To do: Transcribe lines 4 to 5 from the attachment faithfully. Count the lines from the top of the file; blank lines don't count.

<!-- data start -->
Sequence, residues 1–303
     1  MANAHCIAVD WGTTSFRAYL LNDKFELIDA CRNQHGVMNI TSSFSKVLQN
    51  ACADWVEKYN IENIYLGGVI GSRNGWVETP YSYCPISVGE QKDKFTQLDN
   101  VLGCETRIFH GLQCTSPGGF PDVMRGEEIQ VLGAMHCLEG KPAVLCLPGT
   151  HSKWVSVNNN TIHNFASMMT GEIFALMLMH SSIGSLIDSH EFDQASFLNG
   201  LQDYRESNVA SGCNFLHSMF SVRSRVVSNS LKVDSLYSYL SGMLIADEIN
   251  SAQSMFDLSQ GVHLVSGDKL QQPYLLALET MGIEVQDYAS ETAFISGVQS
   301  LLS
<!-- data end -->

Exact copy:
   101  VLGCETRIFH GLQCTSPGGF PDVMRGEEIQ VLGAMHCLEG KPAVLCLPGT
   151  HSKWVSVNNN TIHNFASMMT GEIFALMLMH SSIGSLIDSH EFDQASFLNG